Obtaining an NPI or EIN

Organization Health Care Providers

How Health Care Providers Get an NPI or EIN?

A National Provider Identifier (NPI) is a unique identification number that is given to all those that provide health care services. This includes doctors, nurses, suppliers of health care services, and many other providers and practitioners. It is essential to have your own NPI no matter your employer’s work environment, business structure, or if claims are submitted to payors using your NPI. Once you get an NPI, it will follow you as you move from one job or employer to another or even if you work at multiple locations for one employer. An NPI does not expire and can only be deactivated by submitting the CMS change in the status request using the National Provider Identifier Application/Update form. (CMS-10114).

Getting an NPI number

Who Needs to Have an NPI And What Are They Used For?

All health care individuals or organizations who are HIPAA-covered entities under the law must have an NPI and use it when transmitting electronic health information in connection with HIPAA standard transactions. This still applies in that case when a billing agency prepares the claim or transaction on your behalf. Even if you are not a HIPAA-covered entity, you may still have to get an NPI. Your NPI will be used on claims and is becoming a common way to tie notes in electronic health records to the health care professional who wrote them. Besides, many health care systems, provider organizations, insurance companies, and government agencies are using NPIs to match providers to data in healthcare data warehouses and anywhere else health care data is stored.

Providers who work with Medicare, Medicaid, or private payers, need to have an NPI. As mentioned before, your NPI is increasingly becoming a way to connect providers to health care data allowing Medicare, Medicaid, or insurance companies to better understand the care provided, the outcomes of that care, and impact on quality measures. As health care continues to shift from procedure-based care to value-based care, the use and application of NPIs will continue to grow and evolve.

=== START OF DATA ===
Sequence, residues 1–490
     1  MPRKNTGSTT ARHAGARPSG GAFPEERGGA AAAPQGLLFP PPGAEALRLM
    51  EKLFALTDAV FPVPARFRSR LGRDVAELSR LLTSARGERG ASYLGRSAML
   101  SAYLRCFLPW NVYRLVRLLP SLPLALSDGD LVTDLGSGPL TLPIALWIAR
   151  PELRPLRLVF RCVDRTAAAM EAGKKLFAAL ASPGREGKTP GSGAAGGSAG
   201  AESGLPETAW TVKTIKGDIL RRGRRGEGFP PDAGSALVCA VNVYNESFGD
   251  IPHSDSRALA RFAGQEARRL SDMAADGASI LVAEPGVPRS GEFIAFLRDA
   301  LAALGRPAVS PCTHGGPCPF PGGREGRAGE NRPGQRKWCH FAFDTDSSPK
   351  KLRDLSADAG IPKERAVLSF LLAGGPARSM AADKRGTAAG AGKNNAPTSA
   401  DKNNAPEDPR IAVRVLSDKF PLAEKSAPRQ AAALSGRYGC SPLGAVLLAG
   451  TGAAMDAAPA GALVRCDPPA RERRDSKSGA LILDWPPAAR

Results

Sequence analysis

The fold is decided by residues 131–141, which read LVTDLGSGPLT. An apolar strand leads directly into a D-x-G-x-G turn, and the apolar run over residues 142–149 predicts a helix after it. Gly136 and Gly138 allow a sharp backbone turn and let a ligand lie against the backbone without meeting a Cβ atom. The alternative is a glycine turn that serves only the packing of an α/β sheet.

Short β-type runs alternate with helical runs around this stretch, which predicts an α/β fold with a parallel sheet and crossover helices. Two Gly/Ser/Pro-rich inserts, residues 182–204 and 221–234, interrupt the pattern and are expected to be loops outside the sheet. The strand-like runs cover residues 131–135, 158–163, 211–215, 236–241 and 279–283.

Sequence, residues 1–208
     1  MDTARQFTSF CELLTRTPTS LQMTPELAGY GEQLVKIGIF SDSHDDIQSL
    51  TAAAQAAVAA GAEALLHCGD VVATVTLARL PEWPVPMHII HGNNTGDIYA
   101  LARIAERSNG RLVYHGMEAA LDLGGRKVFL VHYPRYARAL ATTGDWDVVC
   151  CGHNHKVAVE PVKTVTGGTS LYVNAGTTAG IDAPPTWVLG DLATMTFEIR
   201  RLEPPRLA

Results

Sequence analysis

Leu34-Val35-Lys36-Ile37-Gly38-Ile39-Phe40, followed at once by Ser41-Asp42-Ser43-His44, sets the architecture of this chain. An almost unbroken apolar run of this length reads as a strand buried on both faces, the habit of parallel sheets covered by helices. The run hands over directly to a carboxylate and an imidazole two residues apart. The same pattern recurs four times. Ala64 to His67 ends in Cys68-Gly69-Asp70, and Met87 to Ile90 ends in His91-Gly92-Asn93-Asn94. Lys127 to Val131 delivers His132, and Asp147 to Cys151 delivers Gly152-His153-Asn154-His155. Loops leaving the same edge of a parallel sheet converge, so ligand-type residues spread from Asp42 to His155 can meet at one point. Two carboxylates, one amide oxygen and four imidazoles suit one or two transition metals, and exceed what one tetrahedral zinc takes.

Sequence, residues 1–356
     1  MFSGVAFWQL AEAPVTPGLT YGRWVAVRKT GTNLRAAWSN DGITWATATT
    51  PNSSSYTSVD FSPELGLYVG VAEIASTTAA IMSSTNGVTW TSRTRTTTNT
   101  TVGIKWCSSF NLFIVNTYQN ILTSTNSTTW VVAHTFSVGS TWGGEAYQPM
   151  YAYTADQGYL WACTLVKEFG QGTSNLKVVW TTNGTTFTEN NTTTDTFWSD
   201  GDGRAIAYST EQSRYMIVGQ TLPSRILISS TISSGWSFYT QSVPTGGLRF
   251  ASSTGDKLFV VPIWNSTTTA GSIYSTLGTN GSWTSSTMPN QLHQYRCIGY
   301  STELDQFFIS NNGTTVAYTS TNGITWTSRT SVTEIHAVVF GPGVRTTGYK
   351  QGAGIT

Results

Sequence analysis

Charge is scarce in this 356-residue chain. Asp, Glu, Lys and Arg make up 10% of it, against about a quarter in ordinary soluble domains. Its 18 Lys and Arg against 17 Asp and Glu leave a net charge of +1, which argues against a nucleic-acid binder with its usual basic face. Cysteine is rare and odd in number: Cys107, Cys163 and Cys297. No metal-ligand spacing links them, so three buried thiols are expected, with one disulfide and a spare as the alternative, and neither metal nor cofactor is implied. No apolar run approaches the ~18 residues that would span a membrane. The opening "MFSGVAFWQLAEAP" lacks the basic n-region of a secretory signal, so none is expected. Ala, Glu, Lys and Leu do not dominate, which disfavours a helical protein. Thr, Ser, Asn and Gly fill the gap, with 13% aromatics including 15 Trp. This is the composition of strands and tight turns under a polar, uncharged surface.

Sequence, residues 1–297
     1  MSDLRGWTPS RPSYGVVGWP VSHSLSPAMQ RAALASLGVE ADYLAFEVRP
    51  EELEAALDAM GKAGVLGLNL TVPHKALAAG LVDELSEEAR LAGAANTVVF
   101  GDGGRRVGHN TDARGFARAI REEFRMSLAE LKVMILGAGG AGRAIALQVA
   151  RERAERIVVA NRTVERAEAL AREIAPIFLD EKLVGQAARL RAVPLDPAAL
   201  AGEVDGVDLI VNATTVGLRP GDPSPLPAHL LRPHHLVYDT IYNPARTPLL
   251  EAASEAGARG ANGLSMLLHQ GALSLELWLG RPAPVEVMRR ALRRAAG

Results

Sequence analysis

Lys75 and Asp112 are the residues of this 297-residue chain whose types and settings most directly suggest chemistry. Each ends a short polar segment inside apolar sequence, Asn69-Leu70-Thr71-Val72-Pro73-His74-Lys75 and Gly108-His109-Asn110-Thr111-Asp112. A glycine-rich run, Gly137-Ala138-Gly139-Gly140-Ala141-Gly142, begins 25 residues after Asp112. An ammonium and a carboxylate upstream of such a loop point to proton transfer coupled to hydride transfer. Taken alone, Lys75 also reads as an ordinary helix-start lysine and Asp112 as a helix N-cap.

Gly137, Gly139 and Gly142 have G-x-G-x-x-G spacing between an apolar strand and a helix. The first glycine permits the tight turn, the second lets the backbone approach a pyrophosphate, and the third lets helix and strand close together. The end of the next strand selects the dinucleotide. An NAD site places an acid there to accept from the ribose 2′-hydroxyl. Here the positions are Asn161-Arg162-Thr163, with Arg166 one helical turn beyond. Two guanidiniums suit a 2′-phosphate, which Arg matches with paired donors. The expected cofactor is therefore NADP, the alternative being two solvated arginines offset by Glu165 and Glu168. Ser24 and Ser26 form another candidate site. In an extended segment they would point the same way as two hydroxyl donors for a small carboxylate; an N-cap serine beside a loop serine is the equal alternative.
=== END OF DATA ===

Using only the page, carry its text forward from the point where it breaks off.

Types of NPIs:

  1. Entity Type 1 – Individual Health Care Providers and Sole Proprietors

Individual health care providers may receive NPIs as Entity Type 1. As a sole proprietor, you must apply for the NPI using your own Social Security Number (SSN), not an Employer Identification Number (EIN), even if you have an EIN. As a sole proprietor, you may receive only one NPI, just like any other individual. For example, if a physician is a sole proprietor, the physician may receive only one NPI (the individual’s NPI). The following factors do not affect whether a sole proprietor is an Entity Type 1:

  • Number of different office locations
  • Whether you have employees
  • Whether the Internal Revenue Service (IRS) issued an EIN to you so your employees’ W-2 forms can reflect the EIN instead of your Taxpayer Identification Number (which is your SSN)
  1. Entity Type 2 – Organization Health Care Providers

Type 2 health care providers may have a single employee or thousands of employees. Some organization’s health care providers are made up of multiple parts that function somewhat independently from their parent organization. These separate parts of the organization can provide different types of health care or have other physical locations. These various parts of the organization are not considered separate legal entities but are part of the organization’s health care provider (which is a legal entity).

Individual Health Care Providers

The NPI Final Rule refers to these as subparts. An organization’s health care provider may get its subparts their own NPIs. If a subpart conducts any HIPAA standard transactions independently, it must obtain its own NPI. Subpart determination allows for unique identification in HIPAA standard transactions with Medicare, Medicaid, and other covered entities. For example, if a hospital offers acute care, laboratory, pharmacy, and rehabilitation services. Each subpart may have its NPI because they each send their standard transactions to Medicare, Medicaid, or health plans.

How to Apply for an NPI?

There are several ways to apply for an NPI

Option 1: Web-based application process

Visit the National Plan and Provider Enumeration System (NPPES) to access the web-based application for an NPI number.

Option 2: Complete, sign, and mail a paper application

The paper application for NPI number can be found on the CMS website Form CMS-10114, “NPI Application/Update Form To request a hard copy application through the NPI Enumerator, call 1-800-465-3203 or TTY 1-800-692-2326, or send an email to [email protected].

Option 3: Permit an Electronic File Interchange Organization (EFIO) to submit application data through the bulk enumeration process.

Organization Health Care Providers

Employer Identification Number

In addition to an NPI, if you are creating a new organization or business (i.e., private practice, corporation, etc.) may also need to obtain a tax identification number for your business. An employer identification number (EIN Number), sometimes referred to as a tax ID, is a unique nine-digit number that is used when filing taxes for your business.  You can apply for an Employer Identification Number online.